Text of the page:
The health authorities of Castilla y León have confirmed in the last hours a case of Crimean-Congo hemorrhagic fever in the Leon region of El Bierzo and this person has been transferred by ambulance and with strong security measures to the high biological security unit of the Donostia hospital, in the capital of Gipuzkoa, as indicated by Osakidetza. The patient, whose case was reviewed by the Carlos III Institute in Madrid, has a tick bite and presents the “clinical severity that this pathology implies”, with high fevers and persistent bleeding.
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As reported by the Basque Department of Health, which has offered video and photographs of the transfer, the Ministry of Health called on different communities to take in the patient, who was in the Ponferrada hospital, and the Basque Country has expressed its willingness, thus showing the “knowledge and commitment” of Osakidetza professionals. The team of Basque Health professionals has launched the device and protocol in less than 24 hours in order to offer the best care to the person, guaranteeing their isolation and safety, as well as that of the team. The person is stable, reports Europa Press.
Crimean-Congo hemorrhagic fever (known by its acronym CCHF) is a disease caused by a virus called nairovirus transmitted mainly by the bite of an infected tick. The disease can present silently. In fact, a high percentage of infected people do not present any symptoms, although very severe symptoms. The lethality of severe forms of the disease is between 10% and 40%. It is an emerging disease and until 2021 only nine cases of hemorrhagic fever had been detected in Spain.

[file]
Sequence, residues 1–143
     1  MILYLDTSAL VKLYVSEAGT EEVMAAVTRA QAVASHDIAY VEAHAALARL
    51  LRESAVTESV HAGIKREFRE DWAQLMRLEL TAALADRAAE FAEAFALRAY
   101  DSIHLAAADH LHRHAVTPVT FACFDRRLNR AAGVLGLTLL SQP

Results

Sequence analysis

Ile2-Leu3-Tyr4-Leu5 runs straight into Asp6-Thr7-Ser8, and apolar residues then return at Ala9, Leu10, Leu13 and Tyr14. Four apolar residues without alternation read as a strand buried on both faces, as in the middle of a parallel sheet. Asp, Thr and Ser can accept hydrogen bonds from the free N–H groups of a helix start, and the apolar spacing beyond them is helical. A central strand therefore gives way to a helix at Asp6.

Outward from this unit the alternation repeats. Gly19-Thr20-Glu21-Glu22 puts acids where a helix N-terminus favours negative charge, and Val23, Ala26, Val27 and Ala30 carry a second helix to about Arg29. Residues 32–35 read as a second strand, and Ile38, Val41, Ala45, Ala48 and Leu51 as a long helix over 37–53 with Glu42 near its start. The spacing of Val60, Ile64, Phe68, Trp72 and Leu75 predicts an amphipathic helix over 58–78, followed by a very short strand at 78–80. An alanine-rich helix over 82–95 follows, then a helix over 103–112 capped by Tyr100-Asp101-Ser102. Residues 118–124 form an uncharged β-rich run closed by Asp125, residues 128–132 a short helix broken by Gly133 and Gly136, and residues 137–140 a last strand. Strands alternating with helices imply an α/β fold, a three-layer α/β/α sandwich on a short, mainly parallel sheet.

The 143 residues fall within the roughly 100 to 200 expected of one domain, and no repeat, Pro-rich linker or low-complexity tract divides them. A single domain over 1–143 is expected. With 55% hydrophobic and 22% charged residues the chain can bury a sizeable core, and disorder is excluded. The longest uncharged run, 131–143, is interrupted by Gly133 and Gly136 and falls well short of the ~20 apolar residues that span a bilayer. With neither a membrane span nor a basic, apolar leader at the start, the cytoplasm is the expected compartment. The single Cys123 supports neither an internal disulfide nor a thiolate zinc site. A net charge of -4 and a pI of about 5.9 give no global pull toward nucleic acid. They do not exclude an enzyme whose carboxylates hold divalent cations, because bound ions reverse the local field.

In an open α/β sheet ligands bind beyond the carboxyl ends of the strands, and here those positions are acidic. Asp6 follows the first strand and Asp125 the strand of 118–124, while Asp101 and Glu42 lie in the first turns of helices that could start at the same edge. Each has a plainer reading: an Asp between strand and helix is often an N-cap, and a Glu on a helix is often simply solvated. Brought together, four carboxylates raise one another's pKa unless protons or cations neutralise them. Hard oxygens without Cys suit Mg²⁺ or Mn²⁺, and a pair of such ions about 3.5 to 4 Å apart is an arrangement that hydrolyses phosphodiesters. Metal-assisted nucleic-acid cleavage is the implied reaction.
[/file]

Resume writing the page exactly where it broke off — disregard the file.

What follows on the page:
The Donostia University Hospital is one of the seven hospitals of the National Health System with a “high biological security” hospitalization area where a room is available and enabled for patients with infectious and contagious diseases that require high conditions of isolation and security. The safety of patients and professionals is an aspect that is given special relevance in this area, according to Osakidetza. Each of the zones is isolated from the rest, equipped with negative pressure and air conditioning. The person who enters the room will always go through a sodium hypochlorite decontamination shower and any equipment that could be transferred from this area to the rest of the building will also go through a decontamination process with hydrogen peroxide beforehand.
The group of Osakidetza professionals who are participating in the process have the necessary knowledge and training to carry out their work, which is why the Department of Health has sent a message of reassurance in light of the fact that it is a rare disease and that the isolation and safety device “is on”.